July 2015

Actually, It’s About Ethics in Book Reviewing

As I mentioned in a previous post, I appeared on a panel called “It’s Actually About Ethics: Reviewing the Work of Colleagues and Friends” at Readercon. That was last weekend. Scott Edelman recorded video of that panel, so you can see me in all my questionable glory. As you will see, I have a few suggestions about who you should and should not review.

The ethics of writing book reviews seems to be a topic of the moment. I have a number of links. Let’s start with my friend Natalie Luhrs and her comprehensive article on the subject in Uncanny Magazine. That’s a good starting point.

Jonathan McCalmont is concerned about reviewers’ critical agency and has some sharp observations about the role reviewers play: “Why do so many bloggers make it look as though they are working an extra job as unpaid interns in the entertainment industry?” The truth about book reviews is that while they’re ostensibly for readers, the audience that cares about them most is the publishing industry: booksellers, librarians, publicists—and most of all authors, who are the ones who do most of the linking to and retweeting of reviews.

I’m very mindful of the fact that reviewing is a cog in the literary-industrial complex, and that it takes great force of personality to resist falling into line with the demands of publicity. For an example of such force of personality, see James Nicoll, who has enough of a problem with reviewers taking money from authors (he does sponsored reviews on his website, but, critically, not from the authors of the books) that he’s leaving Romantic Times over their for-pay RT Review Source.

The ethical book reviewer, it seems to me, has to be prepared to act against their own pecuniary and social self-interest—giving a friend a bad review, turning down money, losing social capital or access to advance copies—in favour of the integrity of their reviewing. But the ethical book reviewer will not suffer if authors and publishers are also ethical. Ethics in book reviewing, in other words, isn’t only about reviewers.

Child of a Hidden Sea

child-hidden-seaAlyx Dellamonica’s Child of a Hidden Sea (Tor Books, June 2014) is the kind of fantasy adventure novel you used to see a lot more of — not technically YA, but certainly something my 14- or 15-year-old self would have had no trouble reading. But do not make the mistake that this is some kind of throwback. It’s a delightful portal fantasy that brings the form up to date in several important ways.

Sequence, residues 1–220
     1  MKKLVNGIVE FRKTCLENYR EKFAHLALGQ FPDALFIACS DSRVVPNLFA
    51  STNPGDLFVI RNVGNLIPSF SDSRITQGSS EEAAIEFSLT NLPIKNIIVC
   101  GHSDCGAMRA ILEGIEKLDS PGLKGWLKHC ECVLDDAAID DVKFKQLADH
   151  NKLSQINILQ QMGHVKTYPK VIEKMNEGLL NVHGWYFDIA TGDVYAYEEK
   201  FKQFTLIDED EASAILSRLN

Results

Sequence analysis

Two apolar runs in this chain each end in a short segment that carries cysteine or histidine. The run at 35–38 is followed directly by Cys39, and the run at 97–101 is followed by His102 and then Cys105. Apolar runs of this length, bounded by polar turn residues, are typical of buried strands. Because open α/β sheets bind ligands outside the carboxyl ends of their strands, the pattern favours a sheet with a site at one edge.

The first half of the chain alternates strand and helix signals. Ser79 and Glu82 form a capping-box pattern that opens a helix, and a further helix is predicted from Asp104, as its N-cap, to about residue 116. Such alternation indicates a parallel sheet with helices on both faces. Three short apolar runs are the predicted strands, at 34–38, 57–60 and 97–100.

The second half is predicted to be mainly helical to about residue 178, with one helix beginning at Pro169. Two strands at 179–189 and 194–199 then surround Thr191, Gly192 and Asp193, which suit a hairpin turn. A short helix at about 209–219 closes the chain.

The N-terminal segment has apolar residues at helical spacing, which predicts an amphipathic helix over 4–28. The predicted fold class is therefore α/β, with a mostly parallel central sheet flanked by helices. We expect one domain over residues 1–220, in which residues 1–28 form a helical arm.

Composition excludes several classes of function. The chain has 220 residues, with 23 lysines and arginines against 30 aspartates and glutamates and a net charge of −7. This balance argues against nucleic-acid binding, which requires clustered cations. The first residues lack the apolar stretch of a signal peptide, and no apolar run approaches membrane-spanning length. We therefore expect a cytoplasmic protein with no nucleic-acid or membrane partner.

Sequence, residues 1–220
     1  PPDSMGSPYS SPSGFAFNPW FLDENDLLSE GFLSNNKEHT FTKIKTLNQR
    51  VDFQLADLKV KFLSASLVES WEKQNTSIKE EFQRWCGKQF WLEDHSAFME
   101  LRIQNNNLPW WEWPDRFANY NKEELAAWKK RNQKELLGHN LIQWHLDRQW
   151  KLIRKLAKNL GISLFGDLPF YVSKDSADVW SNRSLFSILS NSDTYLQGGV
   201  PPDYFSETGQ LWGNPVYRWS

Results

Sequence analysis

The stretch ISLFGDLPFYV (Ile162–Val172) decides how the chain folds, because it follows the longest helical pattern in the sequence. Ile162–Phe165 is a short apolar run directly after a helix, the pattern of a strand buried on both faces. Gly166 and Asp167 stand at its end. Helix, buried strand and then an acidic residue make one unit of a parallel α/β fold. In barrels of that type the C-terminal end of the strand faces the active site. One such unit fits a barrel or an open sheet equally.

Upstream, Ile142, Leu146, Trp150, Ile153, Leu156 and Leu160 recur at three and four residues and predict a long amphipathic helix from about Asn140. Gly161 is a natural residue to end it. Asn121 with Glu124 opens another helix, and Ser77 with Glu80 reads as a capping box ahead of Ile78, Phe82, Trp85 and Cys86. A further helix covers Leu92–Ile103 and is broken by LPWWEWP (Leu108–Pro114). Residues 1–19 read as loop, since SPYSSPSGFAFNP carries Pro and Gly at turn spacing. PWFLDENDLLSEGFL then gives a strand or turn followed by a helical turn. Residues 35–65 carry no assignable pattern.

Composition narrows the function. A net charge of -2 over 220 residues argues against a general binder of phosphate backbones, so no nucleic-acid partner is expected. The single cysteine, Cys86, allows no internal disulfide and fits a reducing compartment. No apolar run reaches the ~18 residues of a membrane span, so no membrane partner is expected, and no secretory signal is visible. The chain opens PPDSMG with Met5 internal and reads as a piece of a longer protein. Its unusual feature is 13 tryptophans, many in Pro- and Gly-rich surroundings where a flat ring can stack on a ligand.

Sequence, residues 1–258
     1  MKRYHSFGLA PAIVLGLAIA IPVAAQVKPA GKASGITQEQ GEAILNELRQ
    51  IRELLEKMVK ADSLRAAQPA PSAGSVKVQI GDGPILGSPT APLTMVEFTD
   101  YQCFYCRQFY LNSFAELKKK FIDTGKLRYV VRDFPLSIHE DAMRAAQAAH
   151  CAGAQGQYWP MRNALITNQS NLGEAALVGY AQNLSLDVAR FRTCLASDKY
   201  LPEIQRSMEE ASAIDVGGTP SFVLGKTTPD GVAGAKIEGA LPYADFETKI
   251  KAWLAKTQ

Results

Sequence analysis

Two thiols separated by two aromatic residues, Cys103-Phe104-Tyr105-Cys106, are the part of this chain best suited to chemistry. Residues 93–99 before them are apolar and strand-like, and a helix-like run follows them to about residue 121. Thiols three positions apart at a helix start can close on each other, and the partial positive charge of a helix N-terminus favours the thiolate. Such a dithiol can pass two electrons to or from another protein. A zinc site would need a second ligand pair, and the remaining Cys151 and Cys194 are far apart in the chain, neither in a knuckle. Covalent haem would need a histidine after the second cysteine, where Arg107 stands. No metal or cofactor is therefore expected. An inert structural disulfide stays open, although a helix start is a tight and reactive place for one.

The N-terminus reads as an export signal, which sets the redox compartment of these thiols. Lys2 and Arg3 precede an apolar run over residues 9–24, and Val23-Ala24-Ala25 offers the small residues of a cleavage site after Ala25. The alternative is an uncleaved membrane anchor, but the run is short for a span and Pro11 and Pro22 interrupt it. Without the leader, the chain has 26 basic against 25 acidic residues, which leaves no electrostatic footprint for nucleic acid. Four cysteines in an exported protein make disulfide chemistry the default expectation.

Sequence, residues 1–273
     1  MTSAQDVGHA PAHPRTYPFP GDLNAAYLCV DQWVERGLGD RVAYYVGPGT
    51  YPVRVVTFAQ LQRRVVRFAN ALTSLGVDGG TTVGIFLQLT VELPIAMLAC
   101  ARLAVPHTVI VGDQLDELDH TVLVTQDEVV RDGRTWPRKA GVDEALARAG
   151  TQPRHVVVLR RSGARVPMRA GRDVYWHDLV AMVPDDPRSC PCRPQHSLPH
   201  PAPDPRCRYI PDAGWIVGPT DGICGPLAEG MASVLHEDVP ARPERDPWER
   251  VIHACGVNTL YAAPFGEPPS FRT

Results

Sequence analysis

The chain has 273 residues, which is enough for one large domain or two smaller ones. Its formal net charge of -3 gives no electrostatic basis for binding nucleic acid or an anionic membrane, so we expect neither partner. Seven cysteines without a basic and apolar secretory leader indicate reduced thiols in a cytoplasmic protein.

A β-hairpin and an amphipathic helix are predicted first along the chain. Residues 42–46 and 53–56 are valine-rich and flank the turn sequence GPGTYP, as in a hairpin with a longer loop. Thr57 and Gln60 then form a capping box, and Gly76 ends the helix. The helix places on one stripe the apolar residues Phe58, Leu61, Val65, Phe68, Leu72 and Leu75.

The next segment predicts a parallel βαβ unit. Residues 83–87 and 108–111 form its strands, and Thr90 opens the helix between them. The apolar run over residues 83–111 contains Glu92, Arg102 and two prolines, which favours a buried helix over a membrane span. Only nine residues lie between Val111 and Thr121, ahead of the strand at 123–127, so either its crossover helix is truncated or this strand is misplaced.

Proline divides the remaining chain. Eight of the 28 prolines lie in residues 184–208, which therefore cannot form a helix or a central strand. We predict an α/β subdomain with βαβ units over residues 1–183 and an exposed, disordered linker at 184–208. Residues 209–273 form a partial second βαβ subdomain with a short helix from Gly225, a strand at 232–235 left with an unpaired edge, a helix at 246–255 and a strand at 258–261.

Twenty-four-year-old Sophie Hansa, fresh off a difficult first contact with her birth mother, suddenly finds herself floating at sea, desperately trying to save the life of an aunt she’s just met. It turns out that she’s been swept away to Stormwrack, a richly developed fantasy world of island nations and dashing sailors. She is promptly sent back, but manages to return, bringing her brother Bram with her. Adventures naturally ensue.

There are many ways in which this take on portal fantasy is so refreshingly modern. As fantasies age, the real world acquires its own layer of strangeness: for modern readers, the Pevensies’ England is as uncanny as Narnia. Not so here. Sophie and Bram are normal adults who have natural and recognizable responses to their fantastic surroundings. Those responses are not sentimental or unquestioning: they actively interrogate Stormwrack, Bram trying to figure out its location, Sophie arriving with a truckload of modern technology and studying its biota.

Stormwrack too comes across as real: it has wildlife, and politics, and economics. People exist and have agency. (And sex.) Also, gay people exist (as does homophobia). It does not exist to be an adventurers’ playground, though adventures certainly occur.

Fantasy frequently separates children from their parents so that they may go on and have adventures without adult supervision. There are lots of orphans, children sent to the countryside, living with distracted uncles, unloving step-parents and so forth: reasons, in other words, for escape.

But such scenarios are also as uncanny as the Pevensies’ England; that’s not what we do with children nowadays. Sophie is adopted; her story is very much about encountering her birth parents—a very modern concern for adoptees. Jennifer, who devoured this book, is adopted as well; she cannot recall ever reading a book whose protagonist mirrors her own background. Of such small details are books made important.

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